Know Your Enforcement Options

Tuesday 2nd January 2018

Given the 33% increase in CCJs, it’s now more important than ever to know your enforcement options.

The number of county court judgments increased dramatically in 2017. Whilst the November to December 2017 statistics are yet to the released, the statistics for the rest of the year show an average increase of 33% when compared with the same period for 2016.

Although the rate of increase may slow due to the Pre-Action Protocol for Debt Claims, given the dramatic increase, it is now more important than ever for a judgment creditor to understand their enforcement options once they have judgment.

So what enforcement options does a judgment creditor have?  The first step is to carefully consider the debtor’s financial position, and also take into account any information that has already been provided. Depending on the debtor’s financial position, the following enforcement methods are available:

Taking control of the goods

This involves instructing a certified enforcement agent to enter the judgment debtor’s premises and ‘take control’ of goods. The enforcement agent will sell those goods to satisfy the judgment debt.

Charging order over land or securities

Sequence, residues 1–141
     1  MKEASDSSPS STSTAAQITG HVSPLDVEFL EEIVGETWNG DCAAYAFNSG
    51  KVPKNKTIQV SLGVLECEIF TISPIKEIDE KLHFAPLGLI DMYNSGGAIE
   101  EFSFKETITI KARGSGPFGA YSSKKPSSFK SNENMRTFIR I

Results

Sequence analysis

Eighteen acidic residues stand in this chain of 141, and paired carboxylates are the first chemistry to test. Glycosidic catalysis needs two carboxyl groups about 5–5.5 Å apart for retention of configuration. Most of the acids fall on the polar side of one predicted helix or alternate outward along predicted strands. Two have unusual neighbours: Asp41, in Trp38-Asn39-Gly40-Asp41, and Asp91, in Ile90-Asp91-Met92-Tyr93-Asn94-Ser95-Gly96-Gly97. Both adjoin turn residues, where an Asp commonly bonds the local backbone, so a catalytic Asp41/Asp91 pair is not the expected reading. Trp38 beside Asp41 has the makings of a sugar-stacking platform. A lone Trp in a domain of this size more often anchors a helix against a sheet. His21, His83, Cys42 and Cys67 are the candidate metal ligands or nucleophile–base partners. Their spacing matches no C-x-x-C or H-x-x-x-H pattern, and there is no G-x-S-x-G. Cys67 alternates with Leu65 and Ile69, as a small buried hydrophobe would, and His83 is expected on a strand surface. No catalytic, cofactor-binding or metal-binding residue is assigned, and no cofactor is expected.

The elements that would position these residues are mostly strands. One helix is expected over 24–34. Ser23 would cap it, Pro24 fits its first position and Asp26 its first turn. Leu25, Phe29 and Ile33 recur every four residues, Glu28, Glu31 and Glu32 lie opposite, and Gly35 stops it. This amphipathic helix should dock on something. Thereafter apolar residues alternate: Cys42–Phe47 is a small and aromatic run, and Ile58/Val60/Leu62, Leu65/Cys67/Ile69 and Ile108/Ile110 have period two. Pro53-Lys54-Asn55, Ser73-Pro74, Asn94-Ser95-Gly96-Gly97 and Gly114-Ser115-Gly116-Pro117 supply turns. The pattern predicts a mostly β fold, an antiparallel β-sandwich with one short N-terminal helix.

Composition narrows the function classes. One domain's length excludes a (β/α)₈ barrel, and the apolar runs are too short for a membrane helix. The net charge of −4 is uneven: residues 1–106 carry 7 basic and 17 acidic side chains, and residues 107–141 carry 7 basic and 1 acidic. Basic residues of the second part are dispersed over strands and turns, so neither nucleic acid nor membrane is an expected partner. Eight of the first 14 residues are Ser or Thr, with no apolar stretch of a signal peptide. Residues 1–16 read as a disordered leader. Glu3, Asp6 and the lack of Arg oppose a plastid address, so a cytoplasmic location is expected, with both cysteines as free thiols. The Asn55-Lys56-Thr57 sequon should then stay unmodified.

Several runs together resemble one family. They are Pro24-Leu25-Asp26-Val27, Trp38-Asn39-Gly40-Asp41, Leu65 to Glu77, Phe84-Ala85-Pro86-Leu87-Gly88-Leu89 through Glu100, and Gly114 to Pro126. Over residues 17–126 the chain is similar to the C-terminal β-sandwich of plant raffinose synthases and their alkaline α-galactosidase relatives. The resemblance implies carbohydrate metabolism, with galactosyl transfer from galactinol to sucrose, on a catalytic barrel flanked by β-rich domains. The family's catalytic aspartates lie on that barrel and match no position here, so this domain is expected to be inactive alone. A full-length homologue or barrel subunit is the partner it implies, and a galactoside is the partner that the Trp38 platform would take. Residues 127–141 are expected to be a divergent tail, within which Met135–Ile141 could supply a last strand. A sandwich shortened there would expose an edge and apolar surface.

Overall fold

A judgment debt may be enforced by securing a charge over the judgment debtor’s land or securities, to the value of the judgment debt.  If a charging order is obtained an order for sale can then be considered.

Third party debt orders

Where the judgment debtor is owed money from another party, the creditor can apply for an order that demands that other party pay to them what they owe to the judgment debtor.  This could include money in a bank account.

Attachment of earnings

This is a direction that the judgment debtor’s employer transfers a specified amount of their salary to the judgment creditor on a regular basis until the judgment debt is satisfied.

Insolvency Proceedings

Whilst not technically an enforcement method, if the debtor is insolvent, the creditor could commence insolvency proceedings such as bankruptcy or winding up.

The best option will entirely depend on the debtor’s circumstances and the money involved.  It is best practice to consider these prior to actually commencing proceedings so that the creditor knows what they can do if the debtor fails to pay.